“A lot of charities started out being run by volunteers,” she says, “but who had the time to volunteer? Wealthy people, not people with lived experience. And we can’t know how to move into the future if you don’t know the history.”

“The Indigenous community is the fastest growing population in Canada,” says Archie. “The litigation where Indigenous people have taken government to court has resulted in wealth creation, and it’s all connected to justice.”

The national research agenda of Archie’s organization is trying to amplify the work of Indigenous communities and broaden the view of philanthropy.

“We are trying to re-frame the narrative of being ‘charitable’,” she says, “and working with people who recognize the need to do the work differently. Indigenous philanthropy has more to do with reciprocity, time and cultural context.”

Emerging Trends in Philanthropy for First Nations, Métis and Inuit Communities in Canada: A Focus on Manitoba, a report published in 2017, provides insight into the current dynamics around philanthropy in Indigenous communities, including the way in which the work is described. It was a two-year collaboration between The Circle, United Way Winnipeg and The Winnipeg Foundation.

The report explains that “Indigenous-focused charities” are registered charities that have a mandate to serve Indigenous peoples. An “Indigenous charity,” however, not only serves Indigenous people, but has significant Indigenous leadership and cultural values woven into the fabric of the organization.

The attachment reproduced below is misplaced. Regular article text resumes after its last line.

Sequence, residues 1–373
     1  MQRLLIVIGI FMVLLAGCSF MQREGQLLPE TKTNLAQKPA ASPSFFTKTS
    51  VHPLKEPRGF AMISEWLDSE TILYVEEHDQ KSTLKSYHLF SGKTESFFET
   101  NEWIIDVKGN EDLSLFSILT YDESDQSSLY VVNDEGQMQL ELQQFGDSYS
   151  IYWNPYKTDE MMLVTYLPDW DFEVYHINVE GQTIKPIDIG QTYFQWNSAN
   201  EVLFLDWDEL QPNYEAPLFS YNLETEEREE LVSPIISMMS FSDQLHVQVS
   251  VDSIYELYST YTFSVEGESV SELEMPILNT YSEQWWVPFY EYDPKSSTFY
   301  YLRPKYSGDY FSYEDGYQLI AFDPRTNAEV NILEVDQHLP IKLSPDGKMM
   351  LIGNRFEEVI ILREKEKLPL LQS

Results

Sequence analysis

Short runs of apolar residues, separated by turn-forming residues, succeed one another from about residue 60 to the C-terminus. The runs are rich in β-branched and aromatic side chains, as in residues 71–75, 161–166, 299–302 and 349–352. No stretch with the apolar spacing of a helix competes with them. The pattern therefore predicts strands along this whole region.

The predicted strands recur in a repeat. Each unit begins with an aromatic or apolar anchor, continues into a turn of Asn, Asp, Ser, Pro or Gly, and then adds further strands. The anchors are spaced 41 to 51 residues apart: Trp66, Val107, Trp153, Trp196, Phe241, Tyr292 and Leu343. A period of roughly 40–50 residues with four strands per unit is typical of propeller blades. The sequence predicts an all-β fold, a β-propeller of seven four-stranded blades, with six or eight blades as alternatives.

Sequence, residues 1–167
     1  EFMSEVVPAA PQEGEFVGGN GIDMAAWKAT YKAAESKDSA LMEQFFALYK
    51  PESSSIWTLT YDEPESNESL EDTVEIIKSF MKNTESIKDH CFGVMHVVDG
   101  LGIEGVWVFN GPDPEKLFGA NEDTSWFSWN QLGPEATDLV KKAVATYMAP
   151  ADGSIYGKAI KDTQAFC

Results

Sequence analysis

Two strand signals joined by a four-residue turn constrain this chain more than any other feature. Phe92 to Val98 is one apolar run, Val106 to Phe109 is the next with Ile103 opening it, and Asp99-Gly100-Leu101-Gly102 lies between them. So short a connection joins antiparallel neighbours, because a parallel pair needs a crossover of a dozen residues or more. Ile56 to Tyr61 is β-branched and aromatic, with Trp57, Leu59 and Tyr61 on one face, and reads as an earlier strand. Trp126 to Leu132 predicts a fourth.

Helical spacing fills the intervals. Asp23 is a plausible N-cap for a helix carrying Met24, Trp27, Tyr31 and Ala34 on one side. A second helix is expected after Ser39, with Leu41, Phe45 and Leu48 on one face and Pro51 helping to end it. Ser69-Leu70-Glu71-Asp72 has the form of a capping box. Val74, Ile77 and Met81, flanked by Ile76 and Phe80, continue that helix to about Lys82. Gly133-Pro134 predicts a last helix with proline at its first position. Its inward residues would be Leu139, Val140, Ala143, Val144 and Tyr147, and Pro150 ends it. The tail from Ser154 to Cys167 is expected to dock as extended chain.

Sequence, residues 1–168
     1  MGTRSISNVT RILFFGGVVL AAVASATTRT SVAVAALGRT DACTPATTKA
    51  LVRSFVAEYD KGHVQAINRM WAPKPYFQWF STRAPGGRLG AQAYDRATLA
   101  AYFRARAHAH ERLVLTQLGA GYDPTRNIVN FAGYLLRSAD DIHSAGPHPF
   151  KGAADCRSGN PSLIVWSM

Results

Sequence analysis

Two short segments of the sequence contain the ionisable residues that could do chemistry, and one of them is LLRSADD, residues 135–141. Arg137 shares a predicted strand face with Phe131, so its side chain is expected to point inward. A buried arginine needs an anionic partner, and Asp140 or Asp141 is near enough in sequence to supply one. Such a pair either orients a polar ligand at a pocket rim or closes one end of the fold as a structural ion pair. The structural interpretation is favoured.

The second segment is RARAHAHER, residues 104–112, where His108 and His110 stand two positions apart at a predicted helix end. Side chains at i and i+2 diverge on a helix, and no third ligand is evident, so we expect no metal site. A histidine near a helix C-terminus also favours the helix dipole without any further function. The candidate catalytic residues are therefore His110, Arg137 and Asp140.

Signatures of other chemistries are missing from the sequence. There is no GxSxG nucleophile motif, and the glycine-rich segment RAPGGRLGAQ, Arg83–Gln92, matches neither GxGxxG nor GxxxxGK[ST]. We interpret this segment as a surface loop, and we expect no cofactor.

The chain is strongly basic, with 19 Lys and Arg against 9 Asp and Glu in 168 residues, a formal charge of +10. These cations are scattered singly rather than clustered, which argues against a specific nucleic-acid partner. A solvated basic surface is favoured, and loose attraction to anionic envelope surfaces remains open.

The distinctions are important to understand the growth and mandates of Indigenous charities and the people who work with them.

Two main themes emerged from the report. First, as Indigenous people seek to participate in the philanthropic sector, the process needs to be in a way that helps strengthen Indigenous organizations and Indigenous leadership. Secondly, Indigenous donors or sector leaders need to see their actions as grounded in Indigenous cultural values and traditions.

The fundraising profession should be prepared to hear more coming from Indigenous professionals and sector leaders on a range of philanthropic issues.

“This year marks five years since the Truth and Reconciliation Committee’s calls to action,” says Archie, “and not one of those calls addressed the philanthropic community—extraordinary given charities’ role in residential schools.”

The Circle is seeking to change that by asking that “philanthropic organizations who wish to make a commitment to using their philanthropic resources in service to Reconciliation to sign on to a Declaration of Action.”

 “We’ve had some philanthropic organizations sign and do what’s in the Declaration of Action, but we want to make another push and do more education around it.”

The Circle will be conducting a webinar on the Declaration of Action in the spring of 2020.

The Indigenous perspective on philanthropy is a vital piece of imagining a dynamic, modern-day philanthropic sector in Canada.

“It would be great to have a group of Indigenous fundraisers from across the globe do a panel at AFP,” Sidock says. “That would be amazing.”

“I’m going into spaces with people who have the desire to learn,” says Archie. “Indigenous communities know a lot about the stewardship, equality and at being sustainable for the long term.”

“Reciprocity is the framework with which we operate, and Canada was founded on the reciprocity of Indigenous communities,” says Redsky. “My goal is to create a bridge for philanthropists to get engaged and promote the work of Indigenous charities. It is important to communicate that we can’t keep looking at things the same way as we’ve done in the past. We have to learn from the past.”

Gail Picco is a fundraiser, charity strategist, author and writer.